ECONOMY

Credit squeeze toll seen rising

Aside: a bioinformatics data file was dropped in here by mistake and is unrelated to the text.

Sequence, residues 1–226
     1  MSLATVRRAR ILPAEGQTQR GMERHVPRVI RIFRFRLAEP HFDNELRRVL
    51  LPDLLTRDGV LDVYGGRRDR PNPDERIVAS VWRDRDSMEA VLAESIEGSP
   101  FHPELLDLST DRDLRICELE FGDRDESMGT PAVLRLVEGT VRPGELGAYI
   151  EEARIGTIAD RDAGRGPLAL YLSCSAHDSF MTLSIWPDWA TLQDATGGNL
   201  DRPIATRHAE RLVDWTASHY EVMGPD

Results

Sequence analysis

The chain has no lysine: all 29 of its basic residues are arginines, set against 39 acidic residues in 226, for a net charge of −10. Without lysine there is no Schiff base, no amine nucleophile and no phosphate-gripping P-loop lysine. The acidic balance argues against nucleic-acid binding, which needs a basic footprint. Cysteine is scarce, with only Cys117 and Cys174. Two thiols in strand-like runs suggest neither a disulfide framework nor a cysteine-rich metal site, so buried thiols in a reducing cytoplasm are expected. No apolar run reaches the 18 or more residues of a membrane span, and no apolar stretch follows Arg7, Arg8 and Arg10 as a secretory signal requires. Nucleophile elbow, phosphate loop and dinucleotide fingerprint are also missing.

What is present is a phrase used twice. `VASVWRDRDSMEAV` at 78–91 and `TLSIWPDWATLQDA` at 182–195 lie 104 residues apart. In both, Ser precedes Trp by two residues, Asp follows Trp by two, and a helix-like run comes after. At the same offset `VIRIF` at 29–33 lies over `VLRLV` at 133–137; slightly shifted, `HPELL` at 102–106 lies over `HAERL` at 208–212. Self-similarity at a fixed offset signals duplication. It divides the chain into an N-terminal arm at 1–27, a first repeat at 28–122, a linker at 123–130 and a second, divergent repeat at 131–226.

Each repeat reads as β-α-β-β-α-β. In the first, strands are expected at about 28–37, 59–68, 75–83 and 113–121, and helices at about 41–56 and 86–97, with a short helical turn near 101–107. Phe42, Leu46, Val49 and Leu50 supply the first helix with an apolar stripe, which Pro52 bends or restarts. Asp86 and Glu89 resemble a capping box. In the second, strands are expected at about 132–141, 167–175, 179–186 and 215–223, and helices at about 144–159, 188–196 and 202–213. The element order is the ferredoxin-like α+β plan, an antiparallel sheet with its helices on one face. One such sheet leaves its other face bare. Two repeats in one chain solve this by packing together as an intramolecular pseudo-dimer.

The economy is trapped in a vicious circle as banks halt the flow of credit to businesses and households due to their liquidity problems. At the same time, a number of lenders are upping interest rates on business loans, leading to a doubling of funding costs, which in some cases has resulted in credit asphyxiation for enterprises. Businesses and self-employed professionals warn that the consequences are likely to be felt after the summer, weighing on the shrinking economy. An informal freeze on payments from government departments to businesses, falling consumption, a lack of experience in crisis management, a freeze on credit flow and higher interest rates are all combining to threaten the survival of hundreds of businesses. Corporate sources told Kathimerini that one bank has doubled the interest rate charged on working capital from 3.5 to 7 percent, threatening the business that it will otherwise cut off the credit supply provided immediately. Hundreds of firms are unable to raise capital or maintain existing credit lines. A number of chambers of commerce across the country have been informed by their members of the difficulties experienced in the downturn in conditions made worse by poor credit flow. Before the crisis, the spread banks offered on business loans ranged from 0.5 to 2 percent. Today it has reached 3.5-4.5 percent for existing creditworthy clients. For new customers, banks are taking a tough stance on determining the spread, which could even reach 8 percent. Participants in the trade, manufacturing and construction sectors have been hardest hit by the crisis and problems in the banking industry. However, the loan freeze stemming from Greece’s fiscal crisis has led many lenders to completely cut off credit, even to companies which display healthy growth prospects. Sectors such as shipping are underfinanced despite the increasing number of forecasts that are showing a faster rebound in the global economy. The credit squeeze is holding back new business initiatives and limiting the chances of survival for existing enterprises in policy decisions that will deepen the depth of the current recession. Today, banks’ priorities lie in maintaining their liquidity and managing loan portfolios in order to protect their balance sheets and avoid harming their capital position.